New York Central Lines

From Railroad Depots of Northwest Ohio by Mark J. Camp

The New York Central Railroad Company formed in 1853 through the consolidation of several New York railroads stretching between Albany and Buffalo. The system continued to grow in the late 1800s, adding lines across Ohio, including five that served northwest Ohio—the Big Four, Cincinnati Northern, Lake Shore and Michigan Southern, Michigan Central, and the Toledo and Ohio Central. The earliest railroads built through northwest Ohio—the Erie and Kalamazoo and the Mad River and Lake Erie—eventually became part of the system. The E&K opened from Toledo to Adrian, Michigan, in 1836; horses powered the pioneer line until 1837. The E&K became part of the,Michigan Southern Railroad in 1849. The Northern Indiana Railroad opened a line directly west from Toledo in a straight. path, or “air-line,” to the Indiana line near Edgerton in 1852. In 1855, the Michigan Southern and Northern Indiana Railroads combined to become the Michigan Southern and Northern Indiana Railroad. The Lake Shore and Michigan Southern Railway formed from the consolidations of the Michigan Southern and Northern Indiana Railroad (Chicago to Toledo), Lake Shore Railway (Toledo to Erie, Pennsylvania), and Buffalo and Erie Railroad during the summer of 1869. The Lake Shore Railway was a consolidation of several former lines between Toledo and Ashtabula, including the Toledo Norwalk and Cleveland and Junction Railroads in northwest Ohio. The LS&MS also controlled the Detroit, Monroe and Toledo Railway, which reached Toledo from Michigan, and the Chicago and Canada Southern, which terminated at Fayette. The Chicago and Canada Southern was projected from Grosse Ile, Michigan, and Ontario across the northwest corner of Ohio, including Montpelier and Edon, and on to Chicago, but track never advanced beyond Fayette. The line opened in 1873 and fell under LS&MS control by 1879. A related line, the Toledo, Canada Southern and Detroit Railway, reached Toledo from Michigan, opening in 1873. The Michigan Central took over in 1883.

The year 1839 marked the opening of Mad River and Lake Erie track from Sandusky to Bellevue. The line reached Republic by 1839, Tiffin by 1841, and Dayton by spring of 1848. A short branch from Carey to Findlay was in operation by 1846. The line pulled up track from Sandusky to Tiffin by way of Bellevue and Republic in favor of a route through Clyde in the 1850s. The MR&LE went through a number of reorganizations, eventually becoming part of the Cleveland, Cincinnati, Chicago and St. Louis Railway, commonly known as the Big Four, in 1890. The Big Four also controlled the Cincinnati Northern beginning in 1902, a line built from Franklin to the Michigan border north of Alvordton by predecessors in the early 1880s. The first stretch opened in northwest Ohio from Paulding to Ohio City (then Enterprise) as part of the Cincinnati, Van Wert and Michigan Railroad in 1882. The line opened to the Michigan border around 1888.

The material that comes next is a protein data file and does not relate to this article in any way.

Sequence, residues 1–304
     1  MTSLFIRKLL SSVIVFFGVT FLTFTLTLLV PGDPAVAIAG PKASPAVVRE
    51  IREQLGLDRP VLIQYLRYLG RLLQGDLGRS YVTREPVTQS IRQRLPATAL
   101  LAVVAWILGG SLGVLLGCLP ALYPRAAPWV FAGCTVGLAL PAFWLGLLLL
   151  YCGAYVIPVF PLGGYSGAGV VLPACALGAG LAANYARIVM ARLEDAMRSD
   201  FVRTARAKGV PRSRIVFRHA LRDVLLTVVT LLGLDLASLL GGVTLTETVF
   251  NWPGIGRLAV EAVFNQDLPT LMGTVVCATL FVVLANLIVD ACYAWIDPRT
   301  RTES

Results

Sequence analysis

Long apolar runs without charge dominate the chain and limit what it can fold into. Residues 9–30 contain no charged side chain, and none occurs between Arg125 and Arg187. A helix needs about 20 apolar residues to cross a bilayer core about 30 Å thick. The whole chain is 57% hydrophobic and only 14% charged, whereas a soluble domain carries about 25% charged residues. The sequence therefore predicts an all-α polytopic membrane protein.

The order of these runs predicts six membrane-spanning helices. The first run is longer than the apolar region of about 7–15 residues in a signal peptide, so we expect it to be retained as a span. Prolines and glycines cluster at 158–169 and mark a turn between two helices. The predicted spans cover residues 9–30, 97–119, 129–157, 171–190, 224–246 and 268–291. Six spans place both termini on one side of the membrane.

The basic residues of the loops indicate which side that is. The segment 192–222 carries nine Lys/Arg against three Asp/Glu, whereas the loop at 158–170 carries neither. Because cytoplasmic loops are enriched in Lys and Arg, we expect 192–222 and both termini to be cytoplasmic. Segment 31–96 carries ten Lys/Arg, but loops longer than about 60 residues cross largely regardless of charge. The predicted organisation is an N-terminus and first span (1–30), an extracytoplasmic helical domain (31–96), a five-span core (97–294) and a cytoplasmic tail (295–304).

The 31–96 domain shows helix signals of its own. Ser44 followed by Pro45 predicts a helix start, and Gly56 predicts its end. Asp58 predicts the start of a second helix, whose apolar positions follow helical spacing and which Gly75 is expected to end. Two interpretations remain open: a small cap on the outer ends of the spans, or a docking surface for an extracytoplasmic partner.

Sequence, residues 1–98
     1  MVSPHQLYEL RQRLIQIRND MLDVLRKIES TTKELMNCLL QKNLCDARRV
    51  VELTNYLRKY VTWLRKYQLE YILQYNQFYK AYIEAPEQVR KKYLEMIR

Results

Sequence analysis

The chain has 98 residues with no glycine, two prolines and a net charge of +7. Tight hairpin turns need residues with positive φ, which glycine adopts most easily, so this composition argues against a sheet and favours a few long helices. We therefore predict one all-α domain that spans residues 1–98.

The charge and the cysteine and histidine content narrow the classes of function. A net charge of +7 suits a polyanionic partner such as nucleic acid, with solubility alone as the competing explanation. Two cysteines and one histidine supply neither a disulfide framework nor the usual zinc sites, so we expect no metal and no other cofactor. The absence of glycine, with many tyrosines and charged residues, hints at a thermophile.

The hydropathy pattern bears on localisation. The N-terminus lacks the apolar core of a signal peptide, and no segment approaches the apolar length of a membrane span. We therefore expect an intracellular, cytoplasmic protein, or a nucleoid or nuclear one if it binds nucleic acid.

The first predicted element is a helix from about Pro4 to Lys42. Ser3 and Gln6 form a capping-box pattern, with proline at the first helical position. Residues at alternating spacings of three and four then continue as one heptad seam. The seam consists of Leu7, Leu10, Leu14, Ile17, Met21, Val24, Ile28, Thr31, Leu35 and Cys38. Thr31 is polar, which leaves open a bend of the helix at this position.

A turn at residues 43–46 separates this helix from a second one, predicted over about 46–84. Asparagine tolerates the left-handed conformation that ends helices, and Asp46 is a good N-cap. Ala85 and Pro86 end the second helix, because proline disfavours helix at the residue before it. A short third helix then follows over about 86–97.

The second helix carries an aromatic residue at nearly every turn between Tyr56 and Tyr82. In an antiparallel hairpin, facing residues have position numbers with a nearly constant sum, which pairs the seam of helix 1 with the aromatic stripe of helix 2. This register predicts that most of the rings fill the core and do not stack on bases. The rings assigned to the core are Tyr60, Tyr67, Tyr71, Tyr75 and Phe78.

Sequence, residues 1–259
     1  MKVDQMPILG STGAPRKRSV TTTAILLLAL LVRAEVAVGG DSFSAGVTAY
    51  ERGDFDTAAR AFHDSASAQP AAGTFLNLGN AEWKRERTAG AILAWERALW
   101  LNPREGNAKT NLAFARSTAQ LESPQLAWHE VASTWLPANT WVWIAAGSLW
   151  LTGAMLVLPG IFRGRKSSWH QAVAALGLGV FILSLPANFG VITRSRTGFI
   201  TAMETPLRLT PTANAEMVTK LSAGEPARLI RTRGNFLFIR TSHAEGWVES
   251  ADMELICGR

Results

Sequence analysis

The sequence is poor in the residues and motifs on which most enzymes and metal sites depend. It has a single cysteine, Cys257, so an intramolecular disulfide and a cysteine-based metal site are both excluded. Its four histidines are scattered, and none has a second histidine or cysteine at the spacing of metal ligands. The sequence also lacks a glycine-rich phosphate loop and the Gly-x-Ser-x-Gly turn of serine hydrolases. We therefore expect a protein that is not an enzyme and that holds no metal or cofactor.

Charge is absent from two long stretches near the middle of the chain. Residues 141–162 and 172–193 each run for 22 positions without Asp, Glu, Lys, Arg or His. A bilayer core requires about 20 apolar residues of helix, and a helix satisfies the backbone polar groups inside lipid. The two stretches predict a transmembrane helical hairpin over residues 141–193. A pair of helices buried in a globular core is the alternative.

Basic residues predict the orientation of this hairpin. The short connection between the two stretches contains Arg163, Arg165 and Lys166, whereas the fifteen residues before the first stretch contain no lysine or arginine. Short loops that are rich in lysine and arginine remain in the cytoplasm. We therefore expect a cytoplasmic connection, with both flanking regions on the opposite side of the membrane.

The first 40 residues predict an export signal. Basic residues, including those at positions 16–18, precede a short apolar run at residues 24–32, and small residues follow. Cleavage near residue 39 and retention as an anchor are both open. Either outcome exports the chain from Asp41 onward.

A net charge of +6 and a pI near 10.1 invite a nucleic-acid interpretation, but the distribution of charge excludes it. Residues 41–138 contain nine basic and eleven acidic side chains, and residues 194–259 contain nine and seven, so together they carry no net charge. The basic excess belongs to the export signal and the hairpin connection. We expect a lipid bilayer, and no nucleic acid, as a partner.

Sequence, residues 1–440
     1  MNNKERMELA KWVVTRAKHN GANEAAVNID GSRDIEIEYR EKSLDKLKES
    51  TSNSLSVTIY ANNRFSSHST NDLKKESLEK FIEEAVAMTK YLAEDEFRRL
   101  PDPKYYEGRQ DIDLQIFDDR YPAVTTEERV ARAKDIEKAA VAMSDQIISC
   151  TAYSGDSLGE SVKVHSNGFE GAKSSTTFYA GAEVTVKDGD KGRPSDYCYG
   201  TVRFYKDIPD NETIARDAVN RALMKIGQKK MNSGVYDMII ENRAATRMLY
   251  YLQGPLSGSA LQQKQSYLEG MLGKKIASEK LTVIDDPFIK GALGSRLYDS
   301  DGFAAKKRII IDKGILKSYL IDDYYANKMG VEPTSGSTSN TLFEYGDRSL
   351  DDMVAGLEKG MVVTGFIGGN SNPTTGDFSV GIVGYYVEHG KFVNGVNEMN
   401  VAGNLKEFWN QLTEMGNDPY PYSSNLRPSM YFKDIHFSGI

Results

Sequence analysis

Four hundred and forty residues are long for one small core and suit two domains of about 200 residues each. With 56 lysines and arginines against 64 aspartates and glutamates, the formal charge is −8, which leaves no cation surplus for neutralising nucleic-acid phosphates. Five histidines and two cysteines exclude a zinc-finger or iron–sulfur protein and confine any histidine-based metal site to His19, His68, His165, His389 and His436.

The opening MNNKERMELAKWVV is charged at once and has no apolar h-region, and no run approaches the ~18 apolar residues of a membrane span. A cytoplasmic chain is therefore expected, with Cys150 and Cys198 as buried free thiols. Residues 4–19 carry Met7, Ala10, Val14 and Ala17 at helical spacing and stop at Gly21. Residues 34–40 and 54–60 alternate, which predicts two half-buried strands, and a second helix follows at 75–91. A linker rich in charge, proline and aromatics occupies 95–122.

The Ohio Central Railroad, originally projected by predecessors to connect the Hocking Valley coalfields and the Ohio River with Lake Erie in 1869, opened between Toledo and Middleport in 1882. After a merger with a West Virginia line, the Ohio Central became the Toledo and Ohio Central Railroad in 1885. The Toledo and Indianapolis Railway laid track from .Toledo to Findlay in 1883; reorganized and built to Dunkirk by 1889; and reorganized again as the Toledo, Columbus and Cincinnati, reaching Kenton in 1892. The T&OC took over the TC&C in 1893, completing the line to Columbus and a connection with the old Ohio Central mainline. The New York Central acquired the Lake Shore and Michigan Southern and Michigan Central in 1914, the T&OC in 1922, and the Big Four in 1930.

All these NYC lines inherited depot designs from their predecessors. Only a few depots were built after the NYC takeover, the most obvious being Central Union Terminal in Toledo. Although all the lines had standard depot plans, little repetition of design is evident in northwest Ohio, except along the LS&MS. LS&MS depots remain at Bellevue, Bryan, Delta, Elmore, Fremont, Monroeville, Norwalk, Oak Harbor, Pettisville, Rocky Ridge, Stryker, and Wauseon. The LS&MS also had a tendency to convert predecessor line depots to freight houses when building new passenger depots, for example. CCC&StL depots still stand at Green Springs and Tiffin, but all Cincinnati Northern structures are gone in northwest Ohio. T&OC depots from Hatton, Pernberville, Portage, Stony Ridge, and Sugar Ridge remain.


The NYC became the Penn Central in 1967 and Conrail in 1983. Former northwest Ohio NYC lines are now part of CSXT, NS, or newly organized shortlines.

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